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LMPD Officer Cory Evans. Image courtesy Louisville Metro Police. 

LOUISVILLE, Ky. (WDRB) -- Louisville Metro Police Officer Cory Evans resigned Monday as the department planned to fire him over a federal charge for hitting a kneeling protester in the back of the head with a riot stick.

Evans submitted his resignation letter Monday, less than a week after LMPD released a statement saying the Chief's Office "immediately referred" the allegations against Evans to federal authorities "when they came to light."

An attorney for Evans declined to comment. 

The incident in question happened during a demonstration for racial justice on May 31, 2020.

Evans allegedly "willfully deprived arrestee M.C. of the right, secured and protected by the Constitution and laws of the United States, to be free of an unreasonable seizure, which includes the right to be free from the use of unreasonable force by a law enforcement officer," the complaint filed in federal court says.

He is scheduled for a change of plea hearing on July 14, which indicates he will plead guilty on a charge of injuring a protester who was allegedly "kneeling with hands in the air, surrendering for arrest" when he hit him in the back of the head with a riot stick, according to court records.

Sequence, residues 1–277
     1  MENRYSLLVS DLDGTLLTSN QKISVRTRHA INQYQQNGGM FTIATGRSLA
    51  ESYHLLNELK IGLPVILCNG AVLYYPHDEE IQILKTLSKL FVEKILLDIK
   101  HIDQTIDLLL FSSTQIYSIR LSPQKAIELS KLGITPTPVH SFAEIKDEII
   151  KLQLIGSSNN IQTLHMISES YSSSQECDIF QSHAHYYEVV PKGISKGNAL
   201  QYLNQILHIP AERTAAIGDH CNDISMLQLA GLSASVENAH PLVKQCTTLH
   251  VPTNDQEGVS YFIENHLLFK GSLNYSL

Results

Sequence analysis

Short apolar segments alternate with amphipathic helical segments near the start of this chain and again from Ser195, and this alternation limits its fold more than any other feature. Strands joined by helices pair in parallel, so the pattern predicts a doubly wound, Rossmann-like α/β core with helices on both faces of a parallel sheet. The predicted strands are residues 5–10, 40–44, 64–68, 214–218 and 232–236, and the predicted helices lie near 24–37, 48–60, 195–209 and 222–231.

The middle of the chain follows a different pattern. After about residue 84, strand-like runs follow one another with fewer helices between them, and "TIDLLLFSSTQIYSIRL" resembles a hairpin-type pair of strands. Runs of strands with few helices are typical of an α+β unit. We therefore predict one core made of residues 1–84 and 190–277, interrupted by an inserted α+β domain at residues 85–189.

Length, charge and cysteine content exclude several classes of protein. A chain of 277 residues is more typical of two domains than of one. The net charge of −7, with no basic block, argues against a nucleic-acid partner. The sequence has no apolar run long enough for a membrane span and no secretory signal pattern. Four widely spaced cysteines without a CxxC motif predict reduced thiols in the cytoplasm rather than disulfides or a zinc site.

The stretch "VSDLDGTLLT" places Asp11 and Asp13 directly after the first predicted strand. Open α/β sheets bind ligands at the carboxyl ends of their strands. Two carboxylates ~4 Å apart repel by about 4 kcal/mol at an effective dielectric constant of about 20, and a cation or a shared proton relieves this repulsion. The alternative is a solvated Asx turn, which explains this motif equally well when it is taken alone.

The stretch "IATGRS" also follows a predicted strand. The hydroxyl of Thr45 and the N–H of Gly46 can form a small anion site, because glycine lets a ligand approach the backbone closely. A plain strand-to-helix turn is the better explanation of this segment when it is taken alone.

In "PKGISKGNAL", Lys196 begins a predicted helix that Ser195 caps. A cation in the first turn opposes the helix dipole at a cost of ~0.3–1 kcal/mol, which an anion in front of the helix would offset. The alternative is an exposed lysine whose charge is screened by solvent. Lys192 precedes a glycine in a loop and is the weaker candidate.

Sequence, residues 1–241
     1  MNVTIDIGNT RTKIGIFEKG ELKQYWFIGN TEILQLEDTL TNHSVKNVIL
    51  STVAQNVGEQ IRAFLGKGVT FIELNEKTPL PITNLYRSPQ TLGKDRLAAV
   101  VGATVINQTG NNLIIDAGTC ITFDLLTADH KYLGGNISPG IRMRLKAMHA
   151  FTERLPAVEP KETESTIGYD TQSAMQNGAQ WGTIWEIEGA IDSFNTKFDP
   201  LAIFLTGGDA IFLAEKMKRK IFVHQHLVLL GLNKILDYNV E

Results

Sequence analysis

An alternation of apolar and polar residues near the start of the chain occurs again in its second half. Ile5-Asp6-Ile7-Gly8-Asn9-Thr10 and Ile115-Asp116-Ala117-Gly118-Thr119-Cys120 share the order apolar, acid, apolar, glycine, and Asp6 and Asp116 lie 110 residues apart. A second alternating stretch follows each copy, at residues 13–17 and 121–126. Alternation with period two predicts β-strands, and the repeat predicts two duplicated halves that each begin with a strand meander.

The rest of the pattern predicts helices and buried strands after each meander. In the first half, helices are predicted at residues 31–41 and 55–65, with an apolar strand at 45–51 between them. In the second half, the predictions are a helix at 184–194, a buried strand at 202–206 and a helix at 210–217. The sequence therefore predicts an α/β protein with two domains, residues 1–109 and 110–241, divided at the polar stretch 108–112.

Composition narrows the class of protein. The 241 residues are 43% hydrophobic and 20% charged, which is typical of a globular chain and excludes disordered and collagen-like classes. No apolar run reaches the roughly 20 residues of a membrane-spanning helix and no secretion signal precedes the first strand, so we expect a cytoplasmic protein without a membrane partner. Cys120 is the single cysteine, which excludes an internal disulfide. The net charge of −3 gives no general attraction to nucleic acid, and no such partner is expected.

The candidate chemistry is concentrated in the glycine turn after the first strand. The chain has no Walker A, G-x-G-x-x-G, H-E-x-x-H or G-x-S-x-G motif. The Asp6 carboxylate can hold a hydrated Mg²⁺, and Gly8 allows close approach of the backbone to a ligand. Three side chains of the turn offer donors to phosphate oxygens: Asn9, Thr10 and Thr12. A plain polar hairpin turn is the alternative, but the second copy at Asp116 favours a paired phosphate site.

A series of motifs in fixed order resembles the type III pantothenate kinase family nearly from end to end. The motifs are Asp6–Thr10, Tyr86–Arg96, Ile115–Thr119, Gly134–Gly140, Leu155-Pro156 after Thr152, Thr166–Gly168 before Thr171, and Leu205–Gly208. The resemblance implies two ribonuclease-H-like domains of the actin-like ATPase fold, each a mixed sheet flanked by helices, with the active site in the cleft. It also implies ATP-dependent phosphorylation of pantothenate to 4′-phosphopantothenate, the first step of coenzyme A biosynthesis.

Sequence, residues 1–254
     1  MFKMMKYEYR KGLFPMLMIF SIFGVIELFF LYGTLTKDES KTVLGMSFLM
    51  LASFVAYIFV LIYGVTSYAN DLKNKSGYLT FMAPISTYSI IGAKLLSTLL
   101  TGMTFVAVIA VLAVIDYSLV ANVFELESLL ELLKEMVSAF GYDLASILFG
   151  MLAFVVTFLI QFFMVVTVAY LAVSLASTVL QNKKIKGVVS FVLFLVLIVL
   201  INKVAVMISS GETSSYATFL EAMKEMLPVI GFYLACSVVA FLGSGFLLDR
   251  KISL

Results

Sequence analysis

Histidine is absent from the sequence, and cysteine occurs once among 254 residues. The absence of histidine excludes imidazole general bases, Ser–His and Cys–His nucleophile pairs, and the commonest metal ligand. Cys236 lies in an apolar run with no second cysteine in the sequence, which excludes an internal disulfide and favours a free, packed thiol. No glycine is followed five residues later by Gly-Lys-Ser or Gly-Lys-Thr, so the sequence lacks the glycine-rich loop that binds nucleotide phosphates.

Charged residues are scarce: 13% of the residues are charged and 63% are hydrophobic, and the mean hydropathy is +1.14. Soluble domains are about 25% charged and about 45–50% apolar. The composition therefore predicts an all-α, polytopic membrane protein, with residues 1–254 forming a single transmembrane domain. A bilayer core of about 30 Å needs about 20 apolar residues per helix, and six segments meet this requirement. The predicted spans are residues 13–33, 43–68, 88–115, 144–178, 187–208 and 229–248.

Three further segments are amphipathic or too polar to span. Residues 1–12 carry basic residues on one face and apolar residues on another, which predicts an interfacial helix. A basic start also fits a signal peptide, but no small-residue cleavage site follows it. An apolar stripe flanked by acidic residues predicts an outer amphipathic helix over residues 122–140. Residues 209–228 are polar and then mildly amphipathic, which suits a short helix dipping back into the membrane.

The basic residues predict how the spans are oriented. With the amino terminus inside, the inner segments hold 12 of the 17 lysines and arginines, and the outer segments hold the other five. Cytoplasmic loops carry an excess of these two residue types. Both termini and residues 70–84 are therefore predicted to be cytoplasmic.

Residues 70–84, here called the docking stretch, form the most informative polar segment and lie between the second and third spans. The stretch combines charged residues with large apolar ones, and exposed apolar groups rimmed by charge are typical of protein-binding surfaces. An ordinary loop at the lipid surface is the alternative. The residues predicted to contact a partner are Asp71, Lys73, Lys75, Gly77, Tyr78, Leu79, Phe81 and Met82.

Evans has been with LMPD since 2014, according to the city's salary database.

In 2019, Evans was exonerated from allegations of police brutality after a Public Standards Unit investigation into a controversial traffic stop that occurred in December 2018 in front of the Kroger near the intersection of South 26th Street and West Broadway.

Cell phone video shows Evans punching Jarrus Ransom several times after police found pills in a Pepsi can while searching his car. Ransom was in a neck brace in his Metro Corrections mugshot, and his eye was swollen.

Body camera footage of the incident shows Ransom lunge into Evans and officers struggling to get him into handcuffs. The charges against Ransom stemming from the traffic stop were later dropped.

Ransom sued the city, Evans and fellow Officers Kyle Carroll and Sarah Nicolas, claiming they used excessive force during his arrest. The lawsuit was moved to federal court in the Western District of Kentucky, and the city has been dismissed from the case, according to court records.

In April, Evans sued local DUI attorney Larry Forman for defamation after a video was posted to YouTube alleging the officer planted evidence during the traffic stop.

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